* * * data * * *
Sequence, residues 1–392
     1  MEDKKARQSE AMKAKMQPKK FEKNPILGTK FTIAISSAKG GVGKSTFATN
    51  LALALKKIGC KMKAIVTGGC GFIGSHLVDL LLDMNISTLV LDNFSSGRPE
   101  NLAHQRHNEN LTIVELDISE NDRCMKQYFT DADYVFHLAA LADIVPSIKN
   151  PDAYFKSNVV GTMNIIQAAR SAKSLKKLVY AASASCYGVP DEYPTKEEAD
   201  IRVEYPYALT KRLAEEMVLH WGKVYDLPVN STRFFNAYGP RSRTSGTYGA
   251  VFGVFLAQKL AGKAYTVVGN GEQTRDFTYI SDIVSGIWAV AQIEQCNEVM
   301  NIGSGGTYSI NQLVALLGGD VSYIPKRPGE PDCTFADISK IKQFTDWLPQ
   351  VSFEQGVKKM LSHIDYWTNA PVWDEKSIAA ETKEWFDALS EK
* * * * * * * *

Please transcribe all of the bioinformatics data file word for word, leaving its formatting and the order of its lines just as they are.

Sequence, residues 1–392
     1  MEDKKARQSE AMKAKMQPKK FEKNPILGTK FTIAISSAKG GVGKSTFATN
    51  LALALKKIGC KMKAIVTGGC GFIGSHLVDL LLDMNISTLV LDNFSSGRPE
   101  NLAHQRHNEN LTIVELDISE NDRCMKQYFT DADYVFHLAA LADIVPSIKN
   151  PDAYFKSNVV GTMNIIQAAR SAKSLKKLVY AASASCYGVP DEYPTKEEAD
   201  IRVEYPYALT KRLAEEMVLH WGKVYDLPVN STRFFNAYGP RSRTSGTYGA
   251  VFGVFLAQKL AGKAYTVVGN GEQTRDFTYI SDIVSGIWAV AQIEQCNEVM
   301  NIGSGGTYSI NQLVALLGGD VSYIPKRPGE PDCTFADISK IKQFTDWLPQ
   351  VSFEQGVKKM LSHIDYWTNA PVWDEKSIAA ETKEWFDALS EK